In statement on Twitter, Quinn’s agent explains the Dallas defender believes his seizure prevention medication was contaminated with a substance called probenecid, which the NFL classifies as a masking agent under its drug policy. Quinn failed his test on April 2nd, and embarked on an investigation to find out how the substance was in his system.
His team claims Quinn’s pharmacy filled a prescription for probenecid prior to filling Quinn’s prescription, which may have resulted in the contamination. Additionally, Quinn argues that his levels of probenecid would have been much higher had he actually been using the substance as a masking agent.
Quinn has already lost his appeal of the ban, so he’ll be out for the first two games of the regular season. The NFL has historically taken a hard approach on drug suspensions, and successful appeals are rare. Recently, Giants wideout Golden Tate appealed his upcoming suspension by arguing that was he taking fertility drugs, but the leagues’s policy is considered “unforgiving” and “rigid.”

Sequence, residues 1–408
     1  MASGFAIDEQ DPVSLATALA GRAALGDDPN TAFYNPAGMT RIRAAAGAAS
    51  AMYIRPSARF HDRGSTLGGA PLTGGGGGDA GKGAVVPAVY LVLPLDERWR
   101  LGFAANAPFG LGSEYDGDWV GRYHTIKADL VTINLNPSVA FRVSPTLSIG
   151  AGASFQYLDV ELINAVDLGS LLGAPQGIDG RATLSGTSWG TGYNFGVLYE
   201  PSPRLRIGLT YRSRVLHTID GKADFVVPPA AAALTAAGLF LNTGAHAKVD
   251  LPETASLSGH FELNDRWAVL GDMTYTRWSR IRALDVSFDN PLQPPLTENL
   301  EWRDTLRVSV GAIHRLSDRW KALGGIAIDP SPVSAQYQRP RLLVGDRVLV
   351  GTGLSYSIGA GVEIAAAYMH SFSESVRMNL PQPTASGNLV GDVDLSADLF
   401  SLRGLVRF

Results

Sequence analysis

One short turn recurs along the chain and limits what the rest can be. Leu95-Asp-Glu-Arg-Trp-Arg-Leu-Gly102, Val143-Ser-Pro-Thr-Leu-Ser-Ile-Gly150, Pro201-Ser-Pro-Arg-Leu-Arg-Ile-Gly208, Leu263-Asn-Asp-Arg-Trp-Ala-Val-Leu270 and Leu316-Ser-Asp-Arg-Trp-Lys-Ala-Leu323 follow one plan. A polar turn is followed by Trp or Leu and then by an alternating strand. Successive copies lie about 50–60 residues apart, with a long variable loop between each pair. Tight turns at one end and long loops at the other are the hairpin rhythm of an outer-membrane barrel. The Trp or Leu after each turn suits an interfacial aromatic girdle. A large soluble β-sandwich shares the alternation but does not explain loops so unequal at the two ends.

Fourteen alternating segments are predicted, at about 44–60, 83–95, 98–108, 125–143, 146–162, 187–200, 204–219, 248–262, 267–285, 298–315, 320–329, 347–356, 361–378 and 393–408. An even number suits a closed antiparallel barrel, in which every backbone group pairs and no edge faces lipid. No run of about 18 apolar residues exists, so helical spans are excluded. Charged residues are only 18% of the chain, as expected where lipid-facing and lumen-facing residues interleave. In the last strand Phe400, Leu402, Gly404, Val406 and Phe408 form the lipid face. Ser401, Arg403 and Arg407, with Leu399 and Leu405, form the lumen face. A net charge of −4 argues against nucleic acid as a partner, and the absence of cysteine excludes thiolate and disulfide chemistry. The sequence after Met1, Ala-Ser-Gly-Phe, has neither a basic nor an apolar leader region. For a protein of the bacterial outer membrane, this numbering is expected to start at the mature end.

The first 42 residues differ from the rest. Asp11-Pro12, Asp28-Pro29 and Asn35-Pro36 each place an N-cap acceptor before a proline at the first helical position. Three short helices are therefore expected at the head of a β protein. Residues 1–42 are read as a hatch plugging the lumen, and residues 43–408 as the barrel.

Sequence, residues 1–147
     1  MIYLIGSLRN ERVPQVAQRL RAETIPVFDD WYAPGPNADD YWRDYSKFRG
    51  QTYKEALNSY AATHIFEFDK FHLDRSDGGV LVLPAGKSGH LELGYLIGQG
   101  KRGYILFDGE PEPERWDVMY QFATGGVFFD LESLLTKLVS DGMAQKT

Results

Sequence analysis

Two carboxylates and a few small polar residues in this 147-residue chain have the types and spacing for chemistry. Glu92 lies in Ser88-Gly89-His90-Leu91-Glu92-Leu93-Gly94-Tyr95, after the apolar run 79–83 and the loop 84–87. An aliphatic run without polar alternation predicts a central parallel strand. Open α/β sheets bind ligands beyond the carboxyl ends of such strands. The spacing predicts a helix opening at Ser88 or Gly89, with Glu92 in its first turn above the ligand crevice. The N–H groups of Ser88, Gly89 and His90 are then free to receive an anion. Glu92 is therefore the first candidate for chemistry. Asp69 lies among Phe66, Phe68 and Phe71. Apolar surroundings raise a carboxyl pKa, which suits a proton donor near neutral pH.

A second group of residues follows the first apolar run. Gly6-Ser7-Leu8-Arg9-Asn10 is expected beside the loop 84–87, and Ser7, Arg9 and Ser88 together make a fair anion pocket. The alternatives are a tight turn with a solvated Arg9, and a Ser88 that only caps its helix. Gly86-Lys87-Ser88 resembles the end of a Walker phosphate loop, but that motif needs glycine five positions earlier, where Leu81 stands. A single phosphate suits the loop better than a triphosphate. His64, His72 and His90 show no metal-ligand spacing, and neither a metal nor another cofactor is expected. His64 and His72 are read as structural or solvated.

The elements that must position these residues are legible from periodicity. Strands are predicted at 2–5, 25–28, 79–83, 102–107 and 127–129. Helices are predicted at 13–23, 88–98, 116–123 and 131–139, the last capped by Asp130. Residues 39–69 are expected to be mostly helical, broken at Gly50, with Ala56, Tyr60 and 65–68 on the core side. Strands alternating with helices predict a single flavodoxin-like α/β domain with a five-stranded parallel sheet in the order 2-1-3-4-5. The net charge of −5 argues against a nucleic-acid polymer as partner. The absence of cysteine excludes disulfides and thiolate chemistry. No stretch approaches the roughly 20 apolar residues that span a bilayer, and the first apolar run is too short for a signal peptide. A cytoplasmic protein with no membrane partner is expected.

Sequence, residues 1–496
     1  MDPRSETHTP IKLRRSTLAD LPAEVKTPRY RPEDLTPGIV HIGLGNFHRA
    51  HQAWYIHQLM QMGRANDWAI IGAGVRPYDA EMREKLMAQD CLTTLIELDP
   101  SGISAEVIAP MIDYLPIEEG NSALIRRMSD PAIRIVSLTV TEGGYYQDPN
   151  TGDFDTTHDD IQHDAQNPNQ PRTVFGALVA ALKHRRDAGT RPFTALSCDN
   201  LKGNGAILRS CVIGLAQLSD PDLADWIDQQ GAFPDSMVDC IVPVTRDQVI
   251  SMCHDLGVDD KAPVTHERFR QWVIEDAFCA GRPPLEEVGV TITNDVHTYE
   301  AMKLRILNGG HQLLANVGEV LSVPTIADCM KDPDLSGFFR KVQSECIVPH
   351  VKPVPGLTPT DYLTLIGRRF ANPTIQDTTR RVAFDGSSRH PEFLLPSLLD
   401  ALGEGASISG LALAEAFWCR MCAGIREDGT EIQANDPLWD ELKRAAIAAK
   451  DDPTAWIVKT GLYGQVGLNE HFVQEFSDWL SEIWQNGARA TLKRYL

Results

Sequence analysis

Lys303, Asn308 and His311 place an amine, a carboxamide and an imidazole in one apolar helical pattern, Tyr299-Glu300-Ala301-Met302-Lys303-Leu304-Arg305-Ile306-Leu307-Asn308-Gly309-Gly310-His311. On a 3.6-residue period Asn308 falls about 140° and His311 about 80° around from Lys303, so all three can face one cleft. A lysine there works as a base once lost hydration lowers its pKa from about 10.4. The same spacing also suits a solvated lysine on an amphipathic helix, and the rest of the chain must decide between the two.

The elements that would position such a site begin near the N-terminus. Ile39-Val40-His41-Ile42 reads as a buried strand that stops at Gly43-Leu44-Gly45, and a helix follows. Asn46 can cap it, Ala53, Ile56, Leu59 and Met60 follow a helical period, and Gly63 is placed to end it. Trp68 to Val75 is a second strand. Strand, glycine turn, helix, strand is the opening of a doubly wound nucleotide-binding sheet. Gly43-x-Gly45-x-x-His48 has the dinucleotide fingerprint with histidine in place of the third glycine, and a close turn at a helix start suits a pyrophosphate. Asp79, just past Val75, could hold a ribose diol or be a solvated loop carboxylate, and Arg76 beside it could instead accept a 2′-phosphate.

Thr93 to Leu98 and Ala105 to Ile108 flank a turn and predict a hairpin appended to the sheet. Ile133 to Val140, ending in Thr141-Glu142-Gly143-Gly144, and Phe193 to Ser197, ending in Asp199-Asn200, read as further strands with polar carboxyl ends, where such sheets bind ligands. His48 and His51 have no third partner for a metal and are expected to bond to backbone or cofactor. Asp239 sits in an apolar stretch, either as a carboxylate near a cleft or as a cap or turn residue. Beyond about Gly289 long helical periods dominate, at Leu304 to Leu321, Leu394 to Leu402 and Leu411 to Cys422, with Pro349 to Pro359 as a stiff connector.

Quinn, for his part, recently underwent surgery to repair two fractures in his hand, but was expected to be back in time for the season opener, according to David Moore of the Dallas Morning News (Twitter link). Now, he’ll get two additional weeks for his hand to heal, but Dallas will have to rely on other defensive ends — such as Taco Charlton and Tyrone Crawford — to rush the passer opposite DeMarcus Lawrence.
The Cowboys acquired Quinn from the Dolphins in March in exchange for a 2020 sixth-round pick. Quinn agreed to lower his salary under the terms of the deal, reducing his compensation from $11.1MM to $8MM. While he finished with only 6.5 sacks in 2018, Quinn tied for 20th among defensive ends with 24 quarterback hits. Pro Football Focus, meanwhile, assigned Quinn the 19th-highest pass-rush grade among 103 qualifying DEs.
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